He has scored 28 goals in 30 appearances in all competitions for PSG since arriving, but has faced a string of problems over claims he receives preferential treatment from the club, when compared to his teammates. Neymar's desire to take penalties led to a clash with teammate Edison Cavani, with the two all-but not passing to each during games. His reported three-day birthday celebrations earlier this year also led to criticism.
But, despite the setbacks, on Sunday he looked to be in tears as he was stretchered off the field at the Parc des Princes.
Brazilians care little about the impact on PSG. Their attention is entirely trained on the World Cup, where they have ambitions of walking away with a sixth title.
Images of Sunday's fateful duel between Neymar and Marseille player Bouna Sarr were being shown incessantly on TV, often in slo-mo, before he was stretchered off. Newspapers featured close-up illustrations detailing Neymar's foot and ankle.
"I don't think we can really talk about fears of him not being at the World Cup. But there is a noticeable haste to find a solution so that Neymar will have recovered in time," an ESPN Brasil sports commentator, Mauro Cezar Pereira, told AFP.
Lasmar said he was aware of the pressure.
"It's clear there are goals to reach in terms of timing and we will do our best to meet the deadlines," he said.
The father said the decision on surgery was up to PSG, not Neymar. "I'm not a doctor, so we have to wait for the club's decision," he said.
According to the Folha de São Paulo newspaper, Neymar's contract has a clause saying he must follow the club's line regarding injuries. The news website UOL reported that those close to Neymar were believed to want him to have an operation in Brazil.
Words of support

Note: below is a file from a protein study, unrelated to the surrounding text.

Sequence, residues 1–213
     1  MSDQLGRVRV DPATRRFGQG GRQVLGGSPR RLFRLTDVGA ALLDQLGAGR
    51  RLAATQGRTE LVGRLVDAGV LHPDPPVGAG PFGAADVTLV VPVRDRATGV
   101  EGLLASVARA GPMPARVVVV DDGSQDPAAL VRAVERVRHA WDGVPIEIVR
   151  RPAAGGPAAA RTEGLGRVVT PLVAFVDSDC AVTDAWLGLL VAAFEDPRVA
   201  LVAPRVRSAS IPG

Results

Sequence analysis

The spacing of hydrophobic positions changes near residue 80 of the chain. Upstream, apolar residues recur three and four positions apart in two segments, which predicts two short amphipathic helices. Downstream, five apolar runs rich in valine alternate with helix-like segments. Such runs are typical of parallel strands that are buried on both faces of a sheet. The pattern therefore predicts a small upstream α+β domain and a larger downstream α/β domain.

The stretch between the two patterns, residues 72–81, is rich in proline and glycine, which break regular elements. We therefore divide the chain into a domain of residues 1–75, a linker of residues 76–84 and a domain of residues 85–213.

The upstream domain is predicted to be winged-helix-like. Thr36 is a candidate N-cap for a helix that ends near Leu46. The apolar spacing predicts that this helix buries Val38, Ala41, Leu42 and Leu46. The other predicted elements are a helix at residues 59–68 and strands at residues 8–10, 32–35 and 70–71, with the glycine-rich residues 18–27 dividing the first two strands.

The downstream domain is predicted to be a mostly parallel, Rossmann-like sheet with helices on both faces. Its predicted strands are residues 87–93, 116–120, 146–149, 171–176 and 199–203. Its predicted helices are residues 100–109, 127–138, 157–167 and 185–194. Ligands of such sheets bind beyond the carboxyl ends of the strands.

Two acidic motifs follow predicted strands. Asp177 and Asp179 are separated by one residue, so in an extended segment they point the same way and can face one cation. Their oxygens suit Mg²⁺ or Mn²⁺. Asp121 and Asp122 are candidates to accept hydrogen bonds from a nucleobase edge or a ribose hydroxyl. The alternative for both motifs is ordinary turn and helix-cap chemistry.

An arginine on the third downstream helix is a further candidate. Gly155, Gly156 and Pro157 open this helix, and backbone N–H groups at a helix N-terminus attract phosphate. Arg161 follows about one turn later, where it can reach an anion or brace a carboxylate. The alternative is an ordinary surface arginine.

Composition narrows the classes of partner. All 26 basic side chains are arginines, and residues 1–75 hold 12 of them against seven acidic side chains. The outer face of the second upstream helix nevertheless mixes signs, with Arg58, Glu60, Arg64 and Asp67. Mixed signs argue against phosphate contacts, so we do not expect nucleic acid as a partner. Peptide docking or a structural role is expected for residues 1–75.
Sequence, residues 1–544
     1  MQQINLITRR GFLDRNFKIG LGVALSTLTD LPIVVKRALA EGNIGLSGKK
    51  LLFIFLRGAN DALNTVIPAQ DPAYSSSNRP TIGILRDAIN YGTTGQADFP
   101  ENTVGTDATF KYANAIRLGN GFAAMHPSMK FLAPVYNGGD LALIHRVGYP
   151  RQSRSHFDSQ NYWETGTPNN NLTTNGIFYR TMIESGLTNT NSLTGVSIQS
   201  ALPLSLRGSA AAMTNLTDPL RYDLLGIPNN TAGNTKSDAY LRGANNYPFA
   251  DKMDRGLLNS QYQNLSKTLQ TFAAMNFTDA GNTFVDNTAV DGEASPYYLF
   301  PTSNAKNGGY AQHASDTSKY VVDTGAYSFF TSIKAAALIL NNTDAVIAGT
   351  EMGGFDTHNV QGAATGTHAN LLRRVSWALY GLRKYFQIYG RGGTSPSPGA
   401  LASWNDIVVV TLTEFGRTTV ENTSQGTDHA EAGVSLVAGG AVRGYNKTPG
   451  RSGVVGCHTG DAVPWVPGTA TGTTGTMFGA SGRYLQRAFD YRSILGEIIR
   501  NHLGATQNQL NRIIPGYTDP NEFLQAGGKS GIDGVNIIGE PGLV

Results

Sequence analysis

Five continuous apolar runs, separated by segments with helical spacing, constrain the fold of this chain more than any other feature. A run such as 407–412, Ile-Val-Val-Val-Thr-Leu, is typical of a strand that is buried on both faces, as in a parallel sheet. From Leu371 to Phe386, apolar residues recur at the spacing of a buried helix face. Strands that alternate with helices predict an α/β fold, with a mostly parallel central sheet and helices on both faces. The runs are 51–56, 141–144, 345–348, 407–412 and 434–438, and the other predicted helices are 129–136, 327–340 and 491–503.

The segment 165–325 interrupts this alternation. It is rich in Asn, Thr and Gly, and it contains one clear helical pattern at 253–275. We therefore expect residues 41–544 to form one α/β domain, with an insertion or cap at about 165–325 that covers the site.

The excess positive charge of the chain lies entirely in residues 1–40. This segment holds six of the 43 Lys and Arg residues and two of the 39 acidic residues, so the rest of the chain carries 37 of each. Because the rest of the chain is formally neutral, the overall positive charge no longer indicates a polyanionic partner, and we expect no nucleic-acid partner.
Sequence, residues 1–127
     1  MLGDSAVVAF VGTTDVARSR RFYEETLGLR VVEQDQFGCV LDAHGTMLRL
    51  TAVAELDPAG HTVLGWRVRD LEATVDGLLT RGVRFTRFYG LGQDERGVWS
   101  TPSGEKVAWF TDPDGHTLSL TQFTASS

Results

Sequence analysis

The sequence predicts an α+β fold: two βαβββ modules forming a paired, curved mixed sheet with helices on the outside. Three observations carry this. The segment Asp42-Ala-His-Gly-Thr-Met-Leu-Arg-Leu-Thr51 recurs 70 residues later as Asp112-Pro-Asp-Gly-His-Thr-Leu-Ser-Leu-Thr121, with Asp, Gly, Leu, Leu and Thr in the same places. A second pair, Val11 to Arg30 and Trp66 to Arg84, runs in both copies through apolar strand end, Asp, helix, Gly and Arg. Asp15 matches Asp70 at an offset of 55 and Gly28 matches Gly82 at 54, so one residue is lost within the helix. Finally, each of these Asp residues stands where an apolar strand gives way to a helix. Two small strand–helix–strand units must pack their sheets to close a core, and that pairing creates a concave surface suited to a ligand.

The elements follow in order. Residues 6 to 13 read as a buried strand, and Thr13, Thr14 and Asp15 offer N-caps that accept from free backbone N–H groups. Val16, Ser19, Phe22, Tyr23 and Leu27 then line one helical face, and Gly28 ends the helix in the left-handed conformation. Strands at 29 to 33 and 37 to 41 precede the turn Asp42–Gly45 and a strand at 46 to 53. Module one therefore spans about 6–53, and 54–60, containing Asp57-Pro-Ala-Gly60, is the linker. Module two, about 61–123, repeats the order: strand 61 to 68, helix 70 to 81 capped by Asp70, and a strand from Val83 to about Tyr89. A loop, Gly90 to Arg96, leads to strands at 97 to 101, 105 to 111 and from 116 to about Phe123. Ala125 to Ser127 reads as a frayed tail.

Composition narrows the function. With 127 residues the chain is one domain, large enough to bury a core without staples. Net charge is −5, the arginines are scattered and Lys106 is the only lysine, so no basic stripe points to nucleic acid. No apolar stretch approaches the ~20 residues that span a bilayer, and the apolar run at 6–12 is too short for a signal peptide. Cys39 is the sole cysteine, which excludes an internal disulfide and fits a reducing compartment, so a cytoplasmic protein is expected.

As the star's fate is being worked out, messages of support were flooding social networks.
Brazilian football legend Pele tweeted: "Hey Neymar, all of Brazil hopes you will recover as quickly as last time! We have a World Cup to win, so get better fast!"
There was also a poignant little Instagram post from his TV actress girlfriend Bruna Marquezine: "I love you and miss you."
Famous former striker Ronaldo put forth on Globo TV to draw on his experience as a player hit with injury before a World Cup.
"It's a shame that happened now. No recovery is easy. But I'm sure he'll do everything he can to come back in form," Ronaldo said. "It's not a serious injury. There's no danger of him not playing in the World Cup."
For Carlos Eduardo Mansur, commentator in the newspaper O Globo, "Neymar's injury is not a tragedy because he'll have the time to recover and maybe even go to the World Cup fresher, but it's bad news for (Brazil national team manager) Tite, for whom the friendly matches in March were fundamental."
Due to the uncertainty thrown up by when Neymar and other players will be available, the Brazilian football federation has delayed naming its squad for friendlies against Russia and Germany in late March by 10 days.
The last time the Selecão confronted Germany, Neymar was also injured. That was in the 2014 World Cup semi-finals, when Brazil suffered its most humiliating defeat: a 7-1 loss on home ground.
Now, Brazil is holding its breath.